Pre-diabetics join Y program
Dayton Daily News
Virginia Burroughs - Contributing Writer
While Dayton resident Mary Diperro Eberle was working as tour manager at the Dayton Art Institute, she walked the museum fairly regularly, although most of her time was spent sitting while booking tours. After she retired in 2013, she got even less exercise, was overweight and knew she had to get moving.
She joined the YMCA’s South Branch in Kettering, not far from her home in the Rubicon Mill neighborhood, and discovered a program offered for pre-diabetics.
“My doctor’s been watching my sugar numbers for a while, encouraging me to lose weight,” said the 68-year-old, whose mother and grandmother had diabetes.
“This program is for anyone with a blood sugar reading over 100. Mine was 106, so I was accepted into the program.
She said, “We started June 29, and have a class each week for 16 weeks, then every other week for a month, then once a month for the rest of the year. We have books — a Y prevention program notebook and ‘Calorie King,’ a fat and carbohydrate counter. We keep a food diary, talk, get handouts and learn how to change our lifestyles. We weigh in every week, and our blood count is monitored. So far, I’ve lost 17 pounds, and my blood sugar level has gone down one point.”
Eberle has more energy than when she began and notes that “the weight went on so fast, but comes off slowly.
”She’s not discouraged, although some are, and that was the subject of the Sept. 14 meeting.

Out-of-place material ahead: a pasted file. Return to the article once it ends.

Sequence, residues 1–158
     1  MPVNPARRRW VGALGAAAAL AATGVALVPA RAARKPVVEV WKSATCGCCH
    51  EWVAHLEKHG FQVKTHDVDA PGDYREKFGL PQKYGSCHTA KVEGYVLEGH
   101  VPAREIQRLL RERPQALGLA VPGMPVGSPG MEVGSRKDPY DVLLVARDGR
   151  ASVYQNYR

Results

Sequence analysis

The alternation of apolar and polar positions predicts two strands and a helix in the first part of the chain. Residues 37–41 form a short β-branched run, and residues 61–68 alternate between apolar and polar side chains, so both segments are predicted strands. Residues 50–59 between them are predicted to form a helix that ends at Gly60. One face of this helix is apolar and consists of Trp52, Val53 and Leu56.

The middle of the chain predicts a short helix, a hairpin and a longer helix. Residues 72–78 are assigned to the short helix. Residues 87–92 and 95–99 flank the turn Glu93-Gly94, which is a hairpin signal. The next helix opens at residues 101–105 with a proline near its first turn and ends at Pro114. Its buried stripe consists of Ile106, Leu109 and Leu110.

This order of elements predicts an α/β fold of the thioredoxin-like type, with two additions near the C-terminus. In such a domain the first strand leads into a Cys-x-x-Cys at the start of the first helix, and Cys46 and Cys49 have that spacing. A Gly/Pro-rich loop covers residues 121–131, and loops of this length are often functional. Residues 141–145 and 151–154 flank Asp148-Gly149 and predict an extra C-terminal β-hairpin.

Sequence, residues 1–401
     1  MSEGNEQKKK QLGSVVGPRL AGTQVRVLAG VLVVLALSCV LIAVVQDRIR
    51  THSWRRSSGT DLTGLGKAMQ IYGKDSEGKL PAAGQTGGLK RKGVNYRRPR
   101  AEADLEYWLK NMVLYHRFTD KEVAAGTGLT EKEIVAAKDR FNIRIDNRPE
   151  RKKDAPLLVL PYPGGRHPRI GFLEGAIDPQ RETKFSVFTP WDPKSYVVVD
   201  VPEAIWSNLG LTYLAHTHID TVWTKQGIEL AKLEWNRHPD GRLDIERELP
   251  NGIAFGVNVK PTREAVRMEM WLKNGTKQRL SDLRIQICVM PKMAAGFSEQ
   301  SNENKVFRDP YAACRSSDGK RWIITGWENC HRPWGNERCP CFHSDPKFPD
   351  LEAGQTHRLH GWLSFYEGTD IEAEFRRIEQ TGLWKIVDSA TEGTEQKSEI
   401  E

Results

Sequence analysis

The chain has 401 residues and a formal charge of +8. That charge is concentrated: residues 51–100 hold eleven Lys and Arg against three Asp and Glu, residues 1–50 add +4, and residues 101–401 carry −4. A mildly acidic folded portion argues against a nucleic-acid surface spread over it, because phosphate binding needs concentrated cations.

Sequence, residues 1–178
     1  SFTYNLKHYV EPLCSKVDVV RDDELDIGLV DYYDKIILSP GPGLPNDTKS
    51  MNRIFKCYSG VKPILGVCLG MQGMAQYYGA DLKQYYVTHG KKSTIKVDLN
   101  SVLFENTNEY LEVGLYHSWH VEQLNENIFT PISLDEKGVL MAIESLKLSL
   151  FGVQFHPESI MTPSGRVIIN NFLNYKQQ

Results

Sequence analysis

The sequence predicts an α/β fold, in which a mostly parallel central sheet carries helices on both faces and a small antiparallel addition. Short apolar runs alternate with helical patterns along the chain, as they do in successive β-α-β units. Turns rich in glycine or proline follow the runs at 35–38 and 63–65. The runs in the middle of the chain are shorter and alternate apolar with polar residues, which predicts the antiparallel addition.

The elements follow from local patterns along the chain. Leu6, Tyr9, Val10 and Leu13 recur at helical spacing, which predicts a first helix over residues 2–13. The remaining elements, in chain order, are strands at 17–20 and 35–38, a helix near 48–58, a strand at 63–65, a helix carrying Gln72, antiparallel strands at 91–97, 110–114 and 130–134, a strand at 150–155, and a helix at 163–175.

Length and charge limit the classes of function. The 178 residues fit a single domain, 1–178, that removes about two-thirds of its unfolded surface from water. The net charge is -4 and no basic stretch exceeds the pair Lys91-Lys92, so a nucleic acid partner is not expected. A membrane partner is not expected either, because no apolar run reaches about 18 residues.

“We went to Chapter 11, about negative thoughts on dieting. Many are working hard and not seeing results, or have reached plateaus and are getting discouraged. Most overweight people have an all-or-nothing attitude: They either want to lose it real quick or forget it. But no one has dropped out,” she said.
Class members are encouraged to exercise. Eberle signed up for aerobics, uses the recumbent bike and does resistance exercises on machines.
The YMCA’s diabetes prevention program is part of the Center for Disease Control’s National Diabetes Prevention Program, said Ali Schulze, the director of the program throughout the Dayton area.
“It’s been in the Dayton area since 2010 — one of the first 10 Y’s nationwide to start the program — and we offer it throughout our association, which covers Montgomery, Greene, Preble and northern Warren counties,” said Schulze, of West Carrollton.
“We have scheduled more than 1000 participants into the program, and the average percent weight loss is five percent after 16 weeks and 5.7 percent after 12 months,” Schulze said.
“Research shows a seven percent weight loss and exercising 150 minutes a week can help reduce the risk 58 percent for developing type 2 diabetes; if you’re 60 or older, it’s actually 70 percent,” said Schulze. The Y program is offered for anyone 18 and older diagnosed with pre-diabetes. According to the Y website, pre-diabetes can be reversed, but diabetes cannot.
“They contact me at email@example.com, and I assess them; we usually want eight-to-15 participants to start a class,” Schulze said.
Eberle has no illusions about a quick-fix from the program. “It’s a lifestyle change, and some people with back or leg problems can’t do exercise, so lose more slowly. But I’ve learned you can control what you put in your mouth and just do what you can.”
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